Oh, how I love Friday. It is about to get real. I am shaking shiz up again today. I have to. I am reading another book called The Obstacle is the Way, by Ryan Holiday. It might have it be the next book we blog about. In my reading today, it talked about Tommy John. A major league baseball player that played in the majors for 26 years. 26 freaking years! When he was a rookie, Kennedy was the President. When he retired, it was George HW Bush. He faced batters all the way back to Mickey Mantle up to Mark McGwire. But that is just the beginning of his story. Tommy lasted so long because he got very good at asking himself and others the following questions:
- “Is there a chance?”
- “Do I have a shot?”
- “Is there something I can do?”
All Tommy ever looked for was a yes. No matter how small his chances may have seemed. If there was a chance, he was ready to take it and make good use of it. Ready to give every amount of effort and energy to make it happen. “If effort would affect the outcome, he would die out there on the field before he would let that chance slip through his fingers.” The first time came in the middle of the 1974 season when Tommy John blew out his pitching elbow. Up until that point, when a pitcher did that, he was done. They called it a dead arm injury. Game over. Tommy wouldn’t except that. The Dr. suggested that he do a surgery that would replace the ligament from his hurt arm with a tendon from his other arm. The Dr.’s gave him a 1/100 chance to come back and play. He could have retired, but there was a 1/100 chance. With rehab and training, the opportunity was partially in his control. So he took it and ended up coming back to win another 164 games over the next 13 seasons.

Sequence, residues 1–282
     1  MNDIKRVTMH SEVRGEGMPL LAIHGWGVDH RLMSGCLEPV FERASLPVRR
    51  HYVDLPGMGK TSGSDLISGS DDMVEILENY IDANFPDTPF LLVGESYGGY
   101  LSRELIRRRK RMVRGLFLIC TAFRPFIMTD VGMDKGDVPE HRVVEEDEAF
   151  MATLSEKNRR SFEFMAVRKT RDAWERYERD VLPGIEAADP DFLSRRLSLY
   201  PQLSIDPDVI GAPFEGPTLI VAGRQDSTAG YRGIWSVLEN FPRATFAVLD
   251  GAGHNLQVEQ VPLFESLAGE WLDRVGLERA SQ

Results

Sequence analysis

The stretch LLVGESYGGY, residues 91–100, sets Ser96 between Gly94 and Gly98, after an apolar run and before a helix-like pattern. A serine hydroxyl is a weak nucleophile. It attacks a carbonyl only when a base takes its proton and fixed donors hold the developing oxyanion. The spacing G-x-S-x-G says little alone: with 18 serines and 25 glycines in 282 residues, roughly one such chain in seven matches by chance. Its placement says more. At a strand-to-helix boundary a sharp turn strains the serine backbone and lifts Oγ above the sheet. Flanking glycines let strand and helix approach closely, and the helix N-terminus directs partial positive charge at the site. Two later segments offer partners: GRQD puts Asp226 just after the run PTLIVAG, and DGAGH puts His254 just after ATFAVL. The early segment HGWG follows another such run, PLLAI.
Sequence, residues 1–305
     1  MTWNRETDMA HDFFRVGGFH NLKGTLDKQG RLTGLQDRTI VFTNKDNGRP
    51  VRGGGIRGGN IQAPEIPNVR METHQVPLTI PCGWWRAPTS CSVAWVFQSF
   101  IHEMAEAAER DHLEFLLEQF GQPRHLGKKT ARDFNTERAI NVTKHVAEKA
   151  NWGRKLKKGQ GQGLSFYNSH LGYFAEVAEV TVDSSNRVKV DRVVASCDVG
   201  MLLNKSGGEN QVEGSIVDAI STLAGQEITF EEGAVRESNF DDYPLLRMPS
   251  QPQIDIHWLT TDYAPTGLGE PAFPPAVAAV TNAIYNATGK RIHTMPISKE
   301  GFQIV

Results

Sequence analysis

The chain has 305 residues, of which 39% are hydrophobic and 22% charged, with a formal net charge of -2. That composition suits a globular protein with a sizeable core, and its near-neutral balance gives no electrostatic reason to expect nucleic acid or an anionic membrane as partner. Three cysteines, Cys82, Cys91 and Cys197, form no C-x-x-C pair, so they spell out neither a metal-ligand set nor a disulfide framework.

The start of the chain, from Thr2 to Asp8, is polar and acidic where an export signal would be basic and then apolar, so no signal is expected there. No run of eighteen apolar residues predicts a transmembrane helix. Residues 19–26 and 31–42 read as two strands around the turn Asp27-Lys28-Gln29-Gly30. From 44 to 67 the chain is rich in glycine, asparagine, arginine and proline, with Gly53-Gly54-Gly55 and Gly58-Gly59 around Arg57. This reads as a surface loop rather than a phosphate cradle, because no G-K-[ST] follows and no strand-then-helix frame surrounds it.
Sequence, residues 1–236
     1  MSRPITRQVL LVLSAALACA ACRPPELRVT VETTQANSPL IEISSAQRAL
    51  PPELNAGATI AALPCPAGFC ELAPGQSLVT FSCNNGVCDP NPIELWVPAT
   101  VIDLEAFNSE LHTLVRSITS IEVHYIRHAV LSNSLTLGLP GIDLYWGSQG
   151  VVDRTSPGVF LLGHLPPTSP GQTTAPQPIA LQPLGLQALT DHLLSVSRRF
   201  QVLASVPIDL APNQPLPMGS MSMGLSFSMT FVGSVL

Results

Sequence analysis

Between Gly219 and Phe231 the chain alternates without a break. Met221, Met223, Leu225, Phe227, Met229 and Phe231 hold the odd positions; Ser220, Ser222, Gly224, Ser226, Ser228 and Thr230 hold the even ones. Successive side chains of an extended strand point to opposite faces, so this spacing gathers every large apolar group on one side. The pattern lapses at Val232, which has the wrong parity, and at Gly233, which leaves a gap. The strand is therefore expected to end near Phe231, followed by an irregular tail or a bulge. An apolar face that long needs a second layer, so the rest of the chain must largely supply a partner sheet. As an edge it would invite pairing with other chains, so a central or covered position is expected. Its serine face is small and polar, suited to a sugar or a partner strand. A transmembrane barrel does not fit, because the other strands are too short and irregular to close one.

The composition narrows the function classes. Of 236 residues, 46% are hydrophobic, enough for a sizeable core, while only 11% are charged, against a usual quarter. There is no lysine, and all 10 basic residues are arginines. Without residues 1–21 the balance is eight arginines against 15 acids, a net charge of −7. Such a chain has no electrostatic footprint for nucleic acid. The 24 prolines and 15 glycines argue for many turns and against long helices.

Less than 10 years after the surgery, Tommy’s son fell from a 3rd story building, swallowed his tongue, and was about to die. “Even in the chaos of the emergency room, when the doctors were saying that he would not survive, John reminded his family that whether it took one or ten years, they wouldn’t give up until there was absolutely nothing left for them to do.” His son saw a full recovery. With John, his baseball career seemed to come to an end in 1988 when he was cut from the Yankees at the age of 45. Still, he would not accept it. He called the coach and asked him that if he showed up to spring training, would the coach give him at least a shot. The coach said yes. He spent the entire off-season working harder than he ever had before and was the first to report to spring training. He made the team and ended up pitching in the opening game where he pitched a two-run, seven-inning masterpiece. Once again, Tommy was given a chance, and he took it.
Tommy used to tell coaches that he would die on the field before he would quit. He loved to expose the difference between the impossible and the unlikely.
It is stories like this that inspire me, but also humble me as well. There is always a chance. There is always an opportunity. And if you want it bad enough, you will get it 100% of the time. I am thankful today and every day for dudes like Tommy John.